Just clue me in here… why would a turbocharger manufacturer be involved in asbestos claims? Was it the factory?

    • 0 avatar

      Read the clickable link. Interesting tale.

    • 0 avatar

      From Matt’s link in the first paragraph [@volvo, didn’t mean to step on your comment]:

      “In October 2018, Honeywell spun off what remained of its Transportation Systems business, primarily a turbocharger business, into what is now Garrett Motion. Garrett’s lawsuit arises from Honeywell’s unilateral imposition of a 30-year Indemnification Agreement as part of that spin. This agreement requires Garrett to compensate Honeywell for payments made to resolve Honeywell’s asbestos liabilities arising from Honeywell’s legacy Bendix automotive brake business. That brake business is completely unrelated to Garrett’s turbocharger business.”

      • 0 avatar

        Garrett must have thought it wouldn’t be much of an issue dealing with asbestos claims when they agreed to absorbing legacy costs or they had some sh!tty contract lawyers on the payroll at the time.

        I can’t recall when asbestos brakes were banned. Early 70’s?
        That would mean any potential class action claimants would be in the boomer demographic if still alive.

        • 0 avatar

          Read the link. It isn’t that long. It explains how Garrett ended up with a significant liability during the spin-off process.

          • 0 avatar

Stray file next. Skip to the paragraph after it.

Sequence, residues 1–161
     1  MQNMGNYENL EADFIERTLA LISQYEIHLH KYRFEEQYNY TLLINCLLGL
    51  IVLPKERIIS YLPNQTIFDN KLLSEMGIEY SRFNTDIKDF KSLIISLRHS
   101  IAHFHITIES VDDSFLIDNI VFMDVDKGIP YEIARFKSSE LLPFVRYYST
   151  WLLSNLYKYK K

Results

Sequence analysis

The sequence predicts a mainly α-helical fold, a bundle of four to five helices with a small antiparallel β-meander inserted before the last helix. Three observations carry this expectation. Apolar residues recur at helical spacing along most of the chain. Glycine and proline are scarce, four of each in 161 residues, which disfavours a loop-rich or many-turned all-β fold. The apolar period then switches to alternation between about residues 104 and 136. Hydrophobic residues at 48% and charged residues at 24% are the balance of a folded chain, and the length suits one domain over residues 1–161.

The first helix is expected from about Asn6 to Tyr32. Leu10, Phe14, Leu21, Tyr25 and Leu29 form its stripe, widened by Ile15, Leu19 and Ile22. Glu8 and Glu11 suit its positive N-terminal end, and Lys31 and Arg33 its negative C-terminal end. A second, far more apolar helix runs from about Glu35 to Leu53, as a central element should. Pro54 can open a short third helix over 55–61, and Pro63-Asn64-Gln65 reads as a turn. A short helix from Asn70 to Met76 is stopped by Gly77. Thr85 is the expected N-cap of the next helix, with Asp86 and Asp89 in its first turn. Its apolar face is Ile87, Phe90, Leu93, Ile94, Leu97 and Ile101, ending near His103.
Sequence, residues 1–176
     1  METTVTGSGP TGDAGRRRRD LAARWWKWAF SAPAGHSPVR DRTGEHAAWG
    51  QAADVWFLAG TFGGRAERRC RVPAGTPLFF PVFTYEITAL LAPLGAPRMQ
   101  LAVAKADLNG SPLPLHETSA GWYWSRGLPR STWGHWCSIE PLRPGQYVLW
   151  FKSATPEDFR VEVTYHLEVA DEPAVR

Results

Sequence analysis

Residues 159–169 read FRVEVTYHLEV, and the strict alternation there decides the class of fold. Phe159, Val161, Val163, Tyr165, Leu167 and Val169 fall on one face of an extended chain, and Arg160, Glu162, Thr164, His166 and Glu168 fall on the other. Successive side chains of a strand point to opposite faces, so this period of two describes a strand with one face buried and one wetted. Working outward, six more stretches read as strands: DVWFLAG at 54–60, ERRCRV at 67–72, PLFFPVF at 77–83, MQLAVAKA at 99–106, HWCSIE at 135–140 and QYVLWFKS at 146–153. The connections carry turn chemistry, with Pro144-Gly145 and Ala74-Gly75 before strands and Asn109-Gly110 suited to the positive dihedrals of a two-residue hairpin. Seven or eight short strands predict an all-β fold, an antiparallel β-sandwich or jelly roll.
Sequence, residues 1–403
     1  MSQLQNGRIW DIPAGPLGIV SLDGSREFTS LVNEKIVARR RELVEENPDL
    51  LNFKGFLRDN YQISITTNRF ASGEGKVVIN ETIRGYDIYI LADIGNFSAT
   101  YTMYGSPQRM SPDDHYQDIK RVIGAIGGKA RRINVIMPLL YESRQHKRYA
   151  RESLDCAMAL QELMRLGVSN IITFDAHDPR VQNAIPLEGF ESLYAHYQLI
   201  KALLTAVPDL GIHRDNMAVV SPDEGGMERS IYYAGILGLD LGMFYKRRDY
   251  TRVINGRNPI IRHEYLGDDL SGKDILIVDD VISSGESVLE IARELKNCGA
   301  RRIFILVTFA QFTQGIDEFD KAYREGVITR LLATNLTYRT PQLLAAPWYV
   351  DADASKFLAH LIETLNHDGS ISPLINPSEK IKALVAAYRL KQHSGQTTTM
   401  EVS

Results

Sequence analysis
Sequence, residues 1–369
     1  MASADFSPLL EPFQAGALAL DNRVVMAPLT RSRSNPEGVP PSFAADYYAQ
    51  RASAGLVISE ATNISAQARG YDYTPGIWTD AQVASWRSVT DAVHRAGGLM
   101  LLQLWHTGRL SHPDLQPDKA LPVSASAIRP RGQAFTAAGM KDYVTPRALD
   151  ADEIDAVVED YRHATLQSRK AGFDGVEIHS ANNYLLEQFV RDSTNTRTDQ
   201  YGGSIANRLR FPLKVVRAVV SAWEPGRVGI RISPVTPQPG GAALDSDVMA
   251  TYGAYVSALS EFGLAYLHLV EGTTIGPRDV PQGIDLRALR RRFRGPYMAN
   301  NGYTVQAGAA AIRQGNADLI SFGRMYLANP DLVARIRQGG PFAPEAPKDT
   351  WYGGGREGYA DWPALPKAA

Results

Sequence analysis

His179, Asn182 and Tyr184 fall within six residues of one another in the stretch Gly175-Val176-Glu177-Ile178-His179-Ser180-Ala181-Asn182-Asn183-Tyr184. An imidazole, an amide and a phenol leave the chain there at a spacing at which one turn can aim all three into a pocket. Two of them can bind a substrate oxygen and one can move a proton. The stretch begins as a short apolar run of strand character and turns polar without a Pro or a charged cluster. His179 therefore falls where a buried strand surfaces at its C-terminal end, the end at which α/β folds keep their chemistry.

@volvo – I initially did not have time to read the entire article.
            It does look like Honeywell structured everything to offload responsibility to Garrett along with structuring Garrett so that they would not be aware of the extent of the liability.

          • 0 avatar

            I read it. It sounds like Honeywell really screwed Garrett, sticking Garrett with liabilities that should have stayed with Honeywell. I hope that Garrett-Motion, or its successors, prevail in court against Honeywell.

            According to the Wikipedia article on Bendix Corporation, Honeywell sold the Bendix Brakes trademark to MAT Holdings (owner of the part of DeVilbiss that makes air compressors and pneumatic tools) in 2014. My ’95 F-150 had a Bendix (then a part of AlliedSignal) vacuum booster. It’s been years since I saw any Bendix-branded aftermarket brake linings or hardware.

        • 0 avatar


          According to the Wikipedia article on Bendix Corporation, Bendix was still making friction materials with asbestos as late as 1987. It doesn’t mention what market that involved, whether it was passenger cars, trucks, or commercial, like OTR trucks. From I what I remember, most manufacturers went away from asbestos in the late ’70s and early ’80s, as the **** was hitting the fan on asbestos. The brands I was buying at the time were Raybestos and Wagner.

          • 0 avatar

            @dukeisduke – I have a similar recollection. By the 80’s asbestos was on the way out.

            In Canada we still process asbestos and sell it to countries that don’t have a ban. Technically we don’t “mine” it since mining was banned in 2018 but “process” residues. That’s an obvious political loophole to keep Quebec politicians happy.